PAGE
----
One of the most generous and forward-thinking philanthropists in the Jewish world today is Edgar Bronfman. It would be difficult for many Jewish organizations—including JOI—to imagine their work without his participation, vision and leadership. And yet, it turns out that Judaism “was not always central” to his life.
Like so many of us, Edgar Bronfman’s Jewish identity evolved. Too often in the Jewish world, the assumption is made that a fluid Jewish identity only goes in one direction—out and away from the Jewish community toward assimilation-beyond-return—without the recognition that in so many other cases Jewish identity moves toward greater engagement and participation, especially when triggered by important lifecycle events, or powerful experiences or relationships.
On the newly-redesigned website for his foundation, Edgar Bronfman writes in his President’s Letter that the journey began for him when he got involved with the movement to free Soviet Jewry in the 1970s:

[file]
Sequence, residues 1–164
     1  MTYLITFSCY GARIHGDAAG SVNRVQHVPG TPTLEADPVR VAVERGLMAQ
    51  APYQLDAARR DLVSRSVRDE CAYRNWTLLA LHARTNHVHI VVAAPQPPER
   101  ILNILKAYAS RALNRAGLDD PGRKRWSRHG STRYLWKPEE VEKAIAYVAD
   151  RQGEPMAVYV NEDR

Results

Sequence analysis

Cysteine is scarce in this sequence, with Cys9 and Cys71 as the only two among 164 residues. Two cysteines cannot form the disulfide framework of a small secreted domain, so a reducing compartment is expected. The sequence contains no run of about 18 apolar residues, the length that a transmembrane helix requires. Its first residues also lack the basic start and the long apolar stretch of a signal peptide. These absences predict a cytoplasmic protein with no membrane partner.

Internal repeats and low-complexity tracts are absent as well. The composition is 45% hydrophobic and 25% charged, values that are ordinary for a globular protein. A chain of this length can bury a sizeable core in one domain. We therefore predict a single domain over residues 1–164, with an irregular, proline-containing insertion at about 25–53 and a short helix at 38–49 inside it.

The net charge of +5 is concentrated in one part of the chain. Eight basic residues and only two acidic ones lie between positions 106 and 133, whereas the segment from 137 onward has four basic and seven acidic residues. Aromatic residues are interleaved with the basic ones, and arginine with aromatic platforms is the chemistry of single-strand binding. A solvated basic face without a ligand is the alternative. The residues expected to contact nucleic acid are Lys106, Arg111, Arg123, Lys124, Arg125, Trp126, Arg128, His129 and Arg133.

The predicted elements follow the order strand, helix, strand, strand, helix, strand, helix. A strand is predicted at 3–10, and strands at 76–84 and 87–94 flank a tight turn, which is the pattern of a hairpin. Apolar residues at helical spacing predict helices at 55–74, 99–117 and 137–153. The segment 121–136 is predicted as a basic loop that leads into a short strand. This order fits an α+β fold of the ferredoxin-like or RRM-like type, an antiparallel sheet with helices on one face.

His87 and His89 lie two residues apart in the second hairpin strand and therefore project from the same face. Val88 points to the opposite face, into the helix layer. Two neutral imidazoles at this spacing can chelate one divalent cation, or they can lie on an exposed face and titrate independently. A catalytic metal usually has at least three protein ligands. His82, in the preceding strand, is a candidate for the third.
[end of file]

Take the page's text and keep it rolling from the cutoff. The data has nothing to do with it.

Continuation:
Even then, my interest had more to do with human rights than with Judaism per se. But it was on those trips to Russia that my curiosity was piqued. What is it about Judaism, I asked myself, that has kept it alive through so much adversity while so many other traditions have disappeared? Curiosity soon turned into something more, and that “something more” has since turned into a lifelong passion.
He goes on to point out that everyone’s journey is different, but that we all have the opportunity to be part of a rich tradition no matter what path we take. That is a message many of us in the Jewish community can get behind and it is what motivates our work here at the Jewish Outreach Institute.
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